Tyson’s lawyers also indicated she was “prepared to testify,” although she would prefer a bipartisan committee to avoid a “highly charged political environment.”

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North Carolina elections board orders new vote in disputed 9th District U.S. House race

Republican Mark Harris reverses course and calls for new election instead of certifying his unofficial win

♦By Rich Shumate, ChickenFriedPolitics.com editor

RALEIGH (CFP) — The North Carolina State Board of Elections has ordered a new election for the state’s 9th District U.S. House seat, after hearing four days of testimony about allegations of absentee ballot fraud by a operative working for Republican candidate Mark Harris.

The board’s unanimous February 21 decision came shortly after Harris, who had spent the morning answering questions, returned from a lunch break and called for a new election, saying poor health would not allow him to continue testifying.

Republican candidate Mark Harris weeps during his son’s testimony (From WRAL-TV)

“Through the testimony I’ve listened to over the past three days, I believe a new election should be called,” he said. “It’s become clear to me that the public’s confidence in the 9th District seat general election has been undermined to an extent that a new election is warranted.”

However, Harris insisted that “neither I nor any of the leadership in my campaign were aware of or condone the improper activities that have been testified to.”

The board’s decision sets up a possible rematch between Harris and Democrat Dan McCready in the new election to fill the seat, giving Democrats another pickup opportunity.

However, it is not clear if Harris will be a candidate. He told the elections board that he had suffered two strokes while battling an infection in January and said he was not well enough to answer questions, calling into question if he could withstand a contentious campaign in the glare of the national spotlight.

“Though I thought I was ready to undergo the rigors of this hearing and am getting stronger, clearly I am not, and I struggled this morning with both recall and confusion,” he said.

In December, North Carolina’s Republican-controlled legislature changed state law to require a full primary election in the event the 9th District race was rerun, which gives the GOP the option of ditching Harris and nominating another candidate to face McCready.

McCready took to Twitter to welcom the board’s decision, saying “from the moment the first vote was stolen in North Carolina, from the moment the first voice was silenced by election fraud, the people have deserved justice. Today was a great step forward for democracy in North Carolina.”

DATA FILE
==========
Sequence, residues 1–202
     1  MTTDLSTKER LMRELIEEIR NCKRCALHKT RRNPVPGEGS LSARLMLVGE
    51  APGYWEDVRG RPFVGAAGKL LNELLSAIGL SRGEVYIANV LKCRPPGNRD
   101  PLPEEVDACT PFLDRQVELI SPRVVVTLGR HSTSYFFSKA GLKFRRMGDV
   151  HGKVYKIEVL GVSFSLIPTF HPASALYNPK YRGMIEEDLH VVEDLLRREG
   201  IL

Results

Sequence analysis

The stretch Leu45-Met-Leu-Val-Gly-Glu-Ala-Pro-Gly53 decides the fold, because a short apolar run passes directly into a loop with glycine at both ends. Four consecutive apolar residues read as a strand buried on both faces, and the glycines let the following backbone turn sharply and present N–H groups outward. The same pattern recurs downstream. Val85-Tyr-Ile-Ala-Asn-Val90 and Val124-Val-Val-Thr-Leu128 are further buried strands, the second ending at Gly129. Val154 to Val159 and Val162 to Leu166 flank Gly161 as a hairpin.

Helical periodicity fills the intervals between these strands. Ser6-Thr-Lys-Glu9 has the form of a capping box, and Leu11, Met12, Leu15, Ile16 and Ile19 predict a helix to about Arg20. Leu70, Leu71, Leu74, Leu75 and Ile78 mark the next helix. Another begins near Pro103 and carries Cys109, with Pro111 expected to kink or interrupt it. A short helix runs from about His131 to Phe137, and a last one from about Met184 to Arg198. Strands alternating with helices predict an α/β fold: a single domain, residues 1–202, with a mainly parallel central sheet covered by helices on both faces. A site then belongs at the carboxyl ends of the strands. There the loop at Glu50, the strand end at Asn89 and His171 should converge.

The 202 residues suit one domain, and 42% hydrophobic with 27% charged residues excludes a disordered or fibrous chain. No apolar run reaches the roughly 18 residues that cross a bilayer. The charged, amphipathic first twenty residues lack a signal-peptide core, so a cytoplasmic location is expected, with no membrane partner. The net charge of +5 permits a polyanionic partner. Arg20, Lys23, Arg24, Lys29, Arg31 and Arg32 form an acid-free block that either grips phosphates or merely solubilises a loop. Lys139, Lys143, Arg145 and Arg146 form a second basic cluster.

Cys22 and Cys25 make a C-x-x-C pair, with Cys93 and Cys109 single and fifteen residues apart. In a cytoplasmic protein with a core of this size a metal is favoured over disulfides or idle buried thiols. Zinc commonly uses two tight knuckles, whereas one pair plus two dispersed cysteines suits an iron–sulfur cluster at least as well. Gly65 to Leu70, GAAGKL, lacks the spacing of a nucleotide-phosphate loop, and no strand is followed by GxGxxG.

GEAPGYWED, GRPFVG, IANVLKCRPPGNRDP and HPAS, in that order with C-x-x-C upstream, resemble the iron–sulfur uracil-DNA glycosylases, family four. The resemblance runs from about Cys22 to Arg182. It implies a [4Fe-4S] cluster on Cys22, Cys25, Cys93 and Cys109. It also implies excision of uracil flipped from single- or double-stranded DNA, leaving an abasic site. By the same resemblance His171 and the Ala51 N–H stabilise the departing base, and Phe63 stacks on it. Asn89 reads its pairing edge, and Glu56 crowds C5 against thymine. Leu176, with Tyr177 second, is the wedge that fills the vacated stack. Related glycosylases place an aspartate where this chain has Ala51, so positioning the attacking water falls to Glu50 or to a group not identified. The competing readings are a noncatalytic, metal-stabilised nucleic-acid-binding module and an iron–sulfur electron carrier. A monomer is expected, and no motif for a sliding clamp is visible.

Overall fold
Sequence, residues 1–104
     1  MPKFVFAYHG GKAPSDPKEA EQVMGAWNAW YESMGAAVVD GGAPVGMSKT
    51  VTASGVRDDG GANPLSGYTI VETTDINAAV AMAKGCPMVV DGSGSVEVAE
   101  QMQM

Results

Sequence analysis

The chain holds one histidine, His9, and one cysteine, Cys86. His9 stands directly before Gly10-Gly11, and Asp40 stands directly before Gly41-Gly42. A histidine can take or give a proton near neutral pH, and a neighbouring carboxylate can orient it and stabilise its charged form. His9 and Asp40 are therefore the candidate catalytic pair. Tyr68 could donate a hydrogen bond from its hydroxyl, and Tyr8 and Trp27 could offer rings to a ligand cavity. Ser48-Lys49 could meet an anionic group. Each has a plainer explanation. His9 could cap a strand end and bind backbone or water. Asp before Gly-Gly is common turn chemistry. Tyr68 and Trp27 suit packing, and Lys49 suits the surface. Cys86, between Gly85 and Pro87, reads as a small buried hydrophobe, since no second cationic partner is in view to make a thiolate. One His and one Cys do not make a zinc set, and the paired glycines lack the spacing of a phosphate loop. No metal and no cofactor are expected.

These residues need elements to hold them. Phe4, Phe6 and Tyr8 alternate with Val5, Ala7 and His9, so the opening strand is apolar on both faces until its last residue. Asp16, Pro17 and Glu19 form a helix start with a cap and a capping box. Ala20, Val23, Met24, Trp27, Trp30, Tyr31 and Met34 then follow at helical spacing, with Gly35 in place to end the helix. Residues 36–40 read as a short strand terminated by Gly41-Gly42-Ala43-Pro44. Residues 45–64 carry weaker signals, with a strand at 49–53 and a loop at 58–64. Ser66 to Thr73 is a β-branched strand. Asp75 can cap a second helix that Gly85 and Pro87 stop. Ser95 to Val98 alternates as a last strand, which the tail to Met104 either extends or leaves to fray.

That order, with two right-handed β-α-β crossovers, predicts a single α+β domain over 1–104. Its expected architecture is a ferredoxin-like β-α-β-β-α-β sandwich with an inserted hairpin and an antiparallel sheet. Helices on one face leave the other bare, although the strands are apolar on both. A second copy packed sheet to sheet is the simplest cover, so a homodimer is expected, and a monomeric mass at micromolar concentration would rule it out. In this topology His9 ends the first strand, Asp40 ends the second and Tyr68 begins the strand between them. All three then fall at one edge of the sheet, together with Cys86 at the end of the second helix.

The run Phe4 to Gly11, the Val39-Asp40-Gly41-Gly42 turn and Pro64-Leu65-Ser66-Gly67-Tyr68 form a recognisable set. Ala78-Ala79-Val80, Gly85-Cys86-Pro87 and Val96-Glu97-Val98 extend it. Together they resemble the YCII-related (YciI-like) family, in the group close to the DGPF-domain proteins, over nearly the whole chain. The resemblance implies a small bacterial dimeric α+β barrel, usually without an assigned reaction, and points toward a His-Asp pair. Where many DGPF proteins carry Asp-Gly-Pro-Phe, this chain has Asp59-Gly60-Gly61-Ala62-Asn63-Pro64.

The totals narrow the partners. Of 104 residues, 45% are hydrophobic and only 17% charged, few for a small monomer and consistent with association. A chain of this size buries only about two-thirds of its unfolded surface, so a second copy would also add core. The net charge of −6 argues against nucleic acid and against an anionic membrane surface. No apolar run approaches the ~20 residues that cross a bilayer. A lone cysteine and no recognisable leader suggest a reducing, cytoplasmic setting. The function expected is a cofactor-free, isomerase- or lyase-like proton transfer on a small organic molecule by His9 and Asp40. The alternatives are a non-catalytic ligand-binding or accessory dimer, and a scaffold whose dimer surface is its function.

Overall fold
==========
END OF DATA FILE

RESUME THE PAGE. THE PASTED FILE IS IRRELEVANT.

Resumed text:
McCready has raised more than $500,000 for a rematch in the contested race since December; Harris’s campaign had just $19,000 in cash and $86,000 in unpaid debt at the end of December, according to reports filed with the Federal Election Commission.

Harris, 52, a longtime Christian conservative activist and former senior pastor at Charlotte’s First Baptist Church, led McCready by 905 votes in unofficial returns after November’s vote.

But the state elections board refused to certify the results amid allegations that a contractor hired by the Harris campaign, McCrae Dowless, had illegally collected absentee ballots in Bladen County, a rural outpost at the eastern end of the district.

Under state law, voters must mail or deliver completed absentee ballots themselves. The board heard testimony that Dowless and people working for him had collected the ballots and then submitted them. Questions were also raised about improprieties in applications for absentee ballots.

Until reversing course at the hearing, Harris had resisted calls by McCready and Democrats for a new election in the 9th District, which includes the suburbs of Charlotte and rural areas to the east toward Fayetteville.

His lawyers and Republican officials had argued that the results should be certified despite the fraud allegations because the number of absentee ballots in question was not sufficient to change the outcome.

The most dramatic testimony during the four-day hearing came from Harris’s son John, a federal prosecutor. He testified that he had warned his father against using Dowless as an operative in the campaign because he was a “shady character.”

Harris sat crying as he watched his son’s testimony, which contradicted his previous assertions that the allegations of illegal activity by Dowless came as a surprise.

No Republican has yet come forward to launch a challenge to Harris. Two possibilities, former Governor Pat McCrory and former U.S. Rep. Robert Pittenger, who was defeated by Harris in the Republican primary in 2018, have both taken themselves out of the running.

McCready, 34, a former Marine officer and businessman, is not expected to face any challengers on the Democratic side.

If McCready wins the rematch, the 9th District will be the only North Carolina seat to shift from Republican to Democrat and would be the 11th Southern seat to shift in the 2018 cycle. Republicans hold a 101-to-50 advantage in House seats across the 14 Southern states.

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8 Southerners named to panel to hash out deal on border security

Conference committee will have until February 15 to reach agreement to avoid another shutdown

♦By Rich Shumate, ChickenFriedPolitics.com editor

WASHINGTON (CFP) — Congressional leaders have named eight Southerners to a 17-member conference committee that will try to come up with a border security compromise to avoid another government shutdown on February 15.